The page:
Defending Scotland from a hard #Brexit

| February 20, 2020

The UK government’s determination to force through a “destructive and damaging hard Brexit” means the Scottish government must step up its efforts to defend Scotland’s interests.

Cabinet Secretary for the Constitution Michael Russell said those driving UK government Brexit policy were not interested in listening to calls for a softer Brexit and people in Scotland should be under no illusion about the damage that would be caused.

The UK government has made clear that it will not commit to aligning with EU standards or accept the jurisdiction of the European Court of Justice. Addressing the Scottish Parliament’s Culture, Europe and External Relations Committee today, Russell said this would result in new barriers to trade and exports, a fall in national income compared to EU membership and damage to social care and the NHS.

Consequently, the Scottish government will now further prioritize work to mitigate the damage while seeking to give Scotland the right to choose a different path. A new Continuity Bill will be introduced to the Scottish parliament soon which would make it easier to align with future EU standards in areas such as the environment and human rights.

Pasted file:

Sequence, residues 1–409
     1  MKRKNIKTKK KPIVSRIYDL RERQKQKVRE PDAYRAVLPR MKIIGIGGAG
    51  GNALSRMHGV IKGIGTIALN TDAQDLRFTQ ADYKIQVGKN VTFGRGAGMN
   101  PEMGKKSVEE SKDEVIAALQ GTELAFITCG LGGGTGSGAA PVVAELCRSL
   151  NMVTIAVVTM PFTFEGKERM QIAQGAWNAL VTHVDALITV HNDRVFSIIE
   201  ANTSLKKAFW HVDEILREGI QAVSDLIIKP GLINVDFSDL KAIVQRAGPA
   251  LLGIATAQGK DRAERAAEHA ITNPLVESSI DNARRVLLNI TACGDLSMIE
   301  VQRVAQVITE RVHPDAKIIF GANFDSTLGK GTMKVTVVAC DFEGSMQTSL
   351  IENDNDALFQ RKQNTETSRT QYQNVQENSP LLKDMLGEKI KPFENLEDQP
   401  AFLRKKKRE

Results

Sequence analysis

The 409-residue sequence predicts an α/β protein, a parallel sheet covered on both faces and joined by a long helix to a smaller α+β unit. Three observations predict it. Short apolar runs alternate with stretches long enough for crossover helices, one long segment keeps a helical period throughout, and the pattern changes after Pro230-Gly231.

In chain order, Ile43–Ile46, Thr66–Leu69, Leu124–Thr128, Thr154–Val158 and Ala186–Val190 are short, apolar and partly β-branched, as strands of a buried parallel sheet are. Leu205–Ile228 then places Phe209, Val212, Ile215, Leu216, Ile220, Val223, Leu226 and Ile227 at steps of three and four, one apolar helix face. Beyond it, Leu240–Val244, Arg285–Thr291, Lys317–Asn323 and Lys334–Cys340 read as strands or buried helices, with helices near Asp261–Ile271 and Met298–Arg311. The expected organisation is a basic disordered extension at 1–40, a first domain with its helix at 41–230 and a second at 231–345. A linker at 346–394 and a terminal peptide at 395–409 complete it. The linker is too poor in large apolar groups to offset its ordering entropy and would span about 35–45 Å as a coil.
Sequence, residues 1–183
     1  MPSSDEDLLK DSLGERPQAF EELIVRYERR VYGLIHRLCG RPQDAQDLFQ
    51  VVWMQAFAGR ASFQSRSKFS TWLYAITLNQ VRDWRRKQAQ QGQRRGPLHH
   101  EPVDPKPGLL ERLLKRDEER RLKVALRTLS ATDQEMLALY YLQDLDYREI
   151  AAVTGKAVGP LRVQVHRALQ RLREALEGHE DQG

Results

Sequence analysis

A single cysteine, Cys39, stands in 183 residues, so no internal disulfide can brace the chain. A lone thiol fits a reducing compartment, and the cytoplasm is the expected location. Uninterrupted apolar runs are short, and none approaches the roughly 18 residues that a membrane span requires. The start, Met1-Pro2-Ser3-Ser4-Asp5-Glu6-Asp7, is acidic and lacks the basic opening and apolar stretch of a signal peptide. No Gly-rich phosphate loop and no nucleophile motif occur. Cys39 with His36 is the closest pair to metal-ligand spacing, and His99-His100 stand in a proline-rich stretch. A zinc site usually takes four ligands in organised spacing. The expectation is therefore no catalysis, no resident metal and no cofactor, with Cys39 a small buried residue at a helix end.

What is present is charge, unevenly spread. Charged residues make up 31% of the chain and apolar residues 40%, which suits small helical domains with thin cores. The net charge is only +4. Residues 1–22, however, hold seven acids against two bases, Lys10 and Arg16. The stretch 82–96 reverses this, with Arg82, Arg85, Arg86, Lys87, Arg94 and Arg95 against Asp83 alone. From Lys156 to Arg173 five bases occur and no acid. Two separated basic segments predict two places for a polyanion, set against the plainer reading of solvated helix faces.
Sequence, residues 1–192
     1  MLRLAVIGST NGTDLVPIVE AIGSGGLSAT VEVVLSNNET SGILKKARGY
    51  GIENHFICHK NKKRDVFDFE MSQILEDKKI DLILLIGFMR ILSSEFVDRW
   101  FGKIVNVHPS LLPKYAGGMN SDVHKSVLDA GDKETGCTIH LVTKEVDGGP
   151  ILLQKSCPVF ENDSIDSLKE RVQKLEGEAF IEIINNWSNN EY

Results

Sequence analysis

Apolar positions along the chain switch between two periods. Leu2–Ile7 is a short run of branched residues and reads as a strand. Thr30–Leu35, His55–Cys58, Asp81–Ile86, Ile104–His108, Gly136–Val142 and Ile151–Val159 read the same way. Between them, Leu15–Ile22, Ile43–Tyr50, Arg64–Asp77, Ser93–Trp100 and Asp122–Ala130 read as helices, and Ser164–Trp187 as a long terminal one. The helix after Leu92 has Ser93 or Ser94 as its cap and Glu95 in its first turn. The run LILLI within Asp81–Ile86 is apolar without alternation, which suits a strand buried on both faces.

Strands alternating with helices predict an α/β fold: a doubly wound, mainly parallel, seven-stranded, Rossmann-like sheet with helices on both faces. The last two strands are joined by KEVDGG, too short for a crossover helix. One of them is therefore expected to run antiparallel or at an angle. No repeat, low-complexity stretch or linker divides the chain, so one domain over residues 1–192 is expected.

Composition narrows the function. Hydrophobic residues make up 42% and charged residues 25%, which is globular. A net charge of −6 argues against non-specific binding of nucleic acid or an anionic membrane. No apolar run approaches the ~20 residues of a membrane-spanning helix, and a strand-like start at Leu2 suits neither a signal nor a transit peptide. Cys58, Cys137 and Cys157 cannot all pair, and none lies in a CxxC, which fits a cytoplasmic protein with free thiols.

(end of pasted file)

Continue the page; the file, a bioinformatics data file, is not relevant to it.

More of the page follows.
In addition, the Scottish government will seek to protect vulnerable exports such as seafood and red meat, press for continued participation in EU research and student programmes and seek replacements for security initiatives including the EU arrest warrant.

Russell said: “The UK government is determined to pursue a destructive and damaging hard Brexit. As of today, devolved ministers have been given no chance to even look at its negotiating mandate, let alone influence it. We will, of course, continue trying to protect Scotland’s interests. But unless something fundamental changes, the UK intends to inflict the hardest of Brexits on us, rather than negotiating with us. We must stand up for ourselves to stop that happening.”

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Category: A Frontpage, Brexit, EU, Scotland, UK

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